Equality Testing Across Unrelated Types


#1

Java equals contract has no problem if you equate two completely unrelated types. The following code prints true in Java and is completely valid with equals/hashCode contract:

import java.util.Objects;

public class Tester {

  static final class Foo {
    public final String v;

    Foo(String v) { this.v = v; }

    @Override
    public int hashCode() { return Objects.hash(v); }

    @Override
    public boolean equals(Object obj) {
      if (obj instanceof Foo) return Objects.equals(v, ((Foo) obj).v);
      if (obj instanceof Bar) return Objects.equals(v, ((Bar) obj).v);
      return false;
    }
  }

  static final class Bar {
    public final String v;

    Bar(String v) { this.v = v; }

    @Override
    public int hashCode() { return Objects.hash(v); }

    @Override
    public boolean equals(Object obj) {
      if (obj instanceof Foo) return Objects.equals(v, ((Foo) obj).v);
      if (obj instanceof Bar) return Objects.equals(v, ((Bar) obj).v);
      return false;
    }
  }

  public static void main(String[] args) {
    System.out.println("Equal? " + (new Foo("test").equals(new Bar("test"))));
  }
}

Here it is converted to Kotlin via IntelliJ’s converter:

import java.util.*

object Tester {

    internal class Foo(val v: String) {

        override fun hashCode(): Int {
            return Objects.hash(v)
        }

        override fun equals(obj: Any?): Boolean {
            if (obj is Foo) return v == obj.v
            return if (obj is Bar) v == obj.v else false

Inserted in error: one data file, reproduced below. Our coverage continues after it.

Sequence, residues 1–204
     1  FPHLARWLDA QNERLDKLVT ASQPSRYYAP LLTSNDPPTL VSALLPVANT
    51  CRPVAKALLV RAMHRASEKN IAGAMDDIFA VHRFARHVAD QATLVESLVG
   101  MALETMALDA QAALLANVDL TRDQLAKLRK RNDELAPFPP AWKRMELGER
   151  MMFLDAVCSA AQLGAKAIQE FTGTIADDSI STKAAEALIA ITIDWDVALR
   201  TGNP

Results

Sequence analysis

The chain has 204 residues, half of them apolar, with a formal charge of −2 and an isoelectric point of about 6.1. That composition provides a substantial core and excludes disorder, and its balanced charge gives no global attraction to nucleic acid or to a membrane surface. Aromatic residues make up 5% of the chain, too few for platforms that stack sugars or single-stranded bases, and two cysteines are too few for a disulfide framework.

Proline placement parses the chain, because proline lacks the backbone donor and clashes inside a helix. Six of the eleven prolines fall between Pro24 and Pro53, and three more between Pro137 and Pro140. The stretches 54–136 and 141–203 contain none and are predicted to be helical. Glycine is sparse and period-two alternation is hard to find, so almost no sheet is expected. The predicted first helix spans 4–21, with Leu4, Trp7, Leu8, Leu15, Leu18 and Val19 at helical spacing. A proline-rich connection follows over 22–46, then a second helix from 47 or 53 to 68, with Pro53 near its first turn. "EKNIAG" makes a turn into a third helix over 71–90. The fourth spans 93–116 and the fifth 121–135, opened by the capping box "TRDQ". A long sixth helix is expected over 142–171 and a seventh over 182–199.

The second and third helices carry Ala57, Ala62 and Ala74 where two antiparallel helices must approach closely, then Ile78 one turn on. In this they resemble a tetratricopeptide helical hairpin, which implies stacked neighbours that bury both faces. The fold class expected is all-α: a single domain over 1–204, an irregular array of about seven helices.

}
    }

    internal class Bar(val v: String) {

        override fun hashCode(): Int {
            return Objects.hash(v)
        }

        override fun equals(obj: Any?): Boolean {
            if (obj is Foo) return v == obj.v
            return if (obj is Bar) v == obj.v else false
        }
    }

    @JvmStatic
    fun main(args: Array<String>) {
        println("Equal? " + (Foo("test") == Bar("test")))
    }
}

This fails to compile with: Operator '==' cannot be applied to 'Tester.Foo' and 'Tester.Bar'. Now, I of course understand why this is and casting the LHS or RHS of the binary equal op to Any lets it compile and runs and returns true (or just using .equals explicitly instead of the operator). I’m aware of a few posts here that touch on it such as Strange behavior with equality checking but that talks about “open” or not. Questions:

  1. Is it a bug that the Kotlin converter generates code that doesn’t compile from Java?
  2. Why can two JVM objects that satisfy the Java equals/hashCode rules not be compared using the equality operator in Kotlin? Surely this should be a warning, not a compile failure.